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1802: Callender Replies to his Critics by J.T. Callender
James T. Callender, a Scottish-born journalist, was the first to publish the allegation that Thomas Jefferson fathered Sally Hemings's children. This article, a follow-up to his original report in March of 1802, originally appeared in the Richmond Recorder, 20 October 1802.
We are surprised at the petulance of some eastern editors in still affecting to doubt the truth of Sally's story. In this state, at least as far as we can learn, every body believes it. On the second day after the first publication, when the demos were denying the whole, a gentleman came into the district court, and offered to bet a suit of cloaths, or any sum of money, with any man present, that the charge was correct. He specified a small exception, which we have since noticed. Sally did not go to France in the same ship with our French ambassador. She went afterwards; and the gentleman said something about the blade wench and the captain, which we do not think it necessary to repeat. Nobody would venture to take up this gentleman. He was known to be capable of paying a debt; and to have the best access to family information. If we had been mad enough to publish a tale of such enormous, of such inexpressible ignominy, without a solid foundation, the Recorder, and its editors must have been ruined. All decent men would have struck out their names. We have lost but five or six in Richmond. One of these is a young man, whose own father-in-law hath since actually subscribed. Some of those who gave up their papers have been since harassing their acquaintances to lend them the Recorder. "Why did you not keep the paper, when you had it?"" said a gentleman to one of those borrowers. Twelve days after the publication of Sally's affair, Mr. Ralph Wormely, a gentleman whose wealth is as great as his probity, sits down, writes and subscribes a defence of the Recorder. He clanks us, in particular, for telling so much truth of political characters. Do you conceive, that a person of Mr. Wormely's standing would hazard the strong encomiums which he has bestowed, unless after the most serious premeditation? Since the publication of Sally, we have had at least an hundred and fifty new subscribers. Many of them are among the: most respectable citizens of Virginia. Strange! If all these people subscribe with the previous certainty that the editors of this paper could have propagated a base calumny Mr. Coleman of New York, and our corps of subscribers in that city, our friends in Philadelphia, about fifty subscribers in Baltimore, and sixty in New Jersy; may all rest assured that, upon Sally's business, as upon every other quarter, the reputation of our veracity is invulnerable.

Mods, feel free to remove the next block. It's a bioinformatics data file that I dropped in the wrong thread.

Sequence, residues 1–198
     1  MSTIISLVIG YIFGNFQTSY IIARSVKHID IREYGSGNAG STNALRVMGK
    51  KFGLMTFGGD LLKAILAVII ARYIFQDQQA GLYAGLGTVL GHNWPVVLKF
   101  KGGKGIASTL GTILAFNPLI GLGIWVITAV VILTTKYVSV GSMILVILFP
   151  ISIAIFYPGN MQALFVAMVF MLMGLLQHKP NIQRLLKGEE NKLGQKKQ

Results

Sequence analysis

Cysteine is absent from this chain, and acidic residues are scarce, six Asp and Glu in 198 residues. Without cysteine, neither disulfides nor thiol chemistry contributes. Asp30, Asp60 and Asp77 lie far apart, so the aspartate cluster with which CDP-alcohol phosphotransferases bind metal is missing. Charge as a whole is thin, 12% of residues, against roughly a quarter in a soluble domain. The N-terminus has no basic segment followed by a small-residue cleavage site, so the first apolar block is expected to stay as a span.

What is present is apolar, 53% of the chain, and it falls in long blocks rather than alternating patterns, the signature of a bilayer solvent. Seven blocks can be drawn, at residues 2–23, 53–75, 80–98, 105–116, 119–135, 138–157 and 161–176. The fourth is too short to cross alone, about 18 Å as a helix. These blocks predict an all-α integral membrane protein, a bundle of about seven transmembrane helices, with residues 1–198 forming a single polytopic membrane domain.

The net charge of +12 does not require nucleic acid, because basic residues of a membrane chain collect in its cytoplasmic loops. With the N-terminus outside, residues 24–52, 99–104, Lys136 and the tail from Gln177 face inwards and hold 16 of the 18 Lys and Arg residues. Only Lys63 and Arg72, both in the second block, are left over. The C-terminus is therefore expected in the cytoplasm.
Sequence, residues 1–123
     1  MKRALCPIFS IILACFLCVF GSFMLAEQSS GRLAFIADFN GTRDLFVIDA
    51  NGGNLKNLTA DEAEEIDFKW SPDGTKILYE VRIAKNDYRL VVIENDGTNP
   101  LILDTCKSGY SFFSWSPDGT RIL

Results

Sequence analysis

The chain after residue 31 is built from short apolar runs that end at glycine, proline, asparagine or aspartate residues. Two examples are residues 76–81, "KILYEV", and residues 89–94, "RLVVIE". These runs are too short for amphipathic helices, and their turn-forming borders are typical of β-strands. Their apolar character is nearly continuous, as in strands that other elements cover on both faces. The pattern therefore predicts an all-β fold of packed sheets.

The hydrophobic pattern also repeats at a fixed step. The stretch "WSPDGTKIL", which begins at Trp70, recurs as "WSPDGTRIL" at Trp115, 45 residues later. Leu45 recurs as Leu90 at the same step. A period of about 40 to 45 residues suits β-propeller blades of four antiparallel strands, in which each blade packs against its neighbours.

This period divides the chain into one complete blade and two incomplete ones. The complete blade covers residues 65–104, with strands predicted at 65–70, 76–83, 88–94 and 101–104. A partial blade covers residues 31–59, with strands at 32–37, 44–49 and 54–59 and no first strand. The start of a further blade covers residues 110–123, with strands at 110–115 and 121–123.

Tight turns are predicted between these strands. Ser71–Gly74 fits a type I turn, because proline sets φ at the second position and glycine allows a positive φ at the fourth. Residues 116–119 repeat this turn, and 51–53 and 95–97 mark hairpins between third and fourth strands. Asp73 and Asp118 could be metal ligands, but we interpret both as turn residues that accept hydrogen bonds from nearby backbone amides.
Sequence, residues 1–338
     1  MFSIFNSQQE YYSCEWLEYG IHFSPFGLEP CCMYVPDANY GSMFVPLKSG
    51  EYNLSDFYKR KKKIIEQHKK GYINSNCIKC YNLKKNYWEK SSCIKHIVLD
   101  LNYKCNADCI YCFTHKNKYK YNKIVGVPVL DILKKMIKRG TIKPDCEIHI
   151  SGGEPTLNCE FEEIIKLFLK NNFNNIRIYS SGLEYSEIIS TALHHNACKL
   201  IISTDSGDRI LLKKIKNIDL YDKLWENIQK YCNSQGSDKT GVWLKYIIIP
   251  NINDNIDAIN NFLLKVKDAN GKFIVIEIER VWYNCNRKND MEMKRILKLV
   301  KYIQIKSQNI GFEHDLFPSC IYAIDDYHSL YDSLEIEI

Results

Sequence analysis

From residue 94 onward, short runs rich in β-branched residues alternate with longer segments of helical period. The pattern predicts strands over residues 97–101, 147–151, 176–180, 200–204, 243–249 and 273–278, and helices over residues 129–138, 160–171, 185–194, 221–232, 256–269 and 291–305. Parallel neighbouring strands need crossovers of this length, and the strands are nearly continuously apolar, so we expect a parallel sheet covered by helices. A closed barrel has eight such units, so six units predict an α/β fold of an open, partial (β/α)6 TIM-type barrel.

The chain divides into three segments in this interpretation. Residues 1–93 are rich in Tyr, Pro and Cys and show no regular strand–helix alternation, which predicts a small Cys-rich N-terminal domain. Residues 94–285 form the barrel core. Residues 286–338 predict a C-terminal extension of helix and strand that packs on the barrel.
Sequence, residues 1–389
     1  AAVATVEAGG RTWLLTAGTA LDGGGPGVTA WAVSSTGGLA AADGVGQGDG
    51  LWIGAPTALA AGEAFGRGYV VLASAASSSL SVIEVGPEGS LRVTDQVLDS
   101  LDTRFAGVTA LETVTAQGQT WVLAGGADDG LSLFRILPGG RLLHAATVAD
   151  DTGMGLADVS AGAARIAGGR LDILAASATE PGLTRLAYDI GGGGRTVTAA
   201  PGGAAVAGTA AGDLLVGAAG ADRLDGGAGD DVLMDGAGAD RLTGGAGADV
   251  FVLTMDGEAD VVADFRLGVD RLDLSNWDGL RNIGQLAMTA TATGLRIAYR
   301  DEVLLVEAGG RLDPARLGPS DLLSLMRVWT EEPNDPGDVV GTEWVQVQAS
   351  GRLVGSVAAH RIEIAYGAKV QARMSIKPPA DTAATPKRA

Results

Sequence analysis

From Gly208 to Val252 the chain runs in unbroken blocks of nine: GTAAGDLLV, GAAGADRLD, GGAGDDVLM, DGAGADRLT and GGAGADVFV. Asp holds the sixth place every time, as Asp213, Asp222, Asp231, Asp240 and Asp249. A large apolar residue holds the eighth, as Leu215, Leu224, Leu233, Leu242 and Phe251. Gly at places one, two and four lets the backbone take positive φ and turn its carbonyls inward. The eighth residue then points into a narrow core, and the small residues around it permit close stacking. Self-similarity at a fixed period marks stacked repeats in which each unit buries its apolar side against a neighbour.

Source Note: Transcription by Joshua D. Rothman

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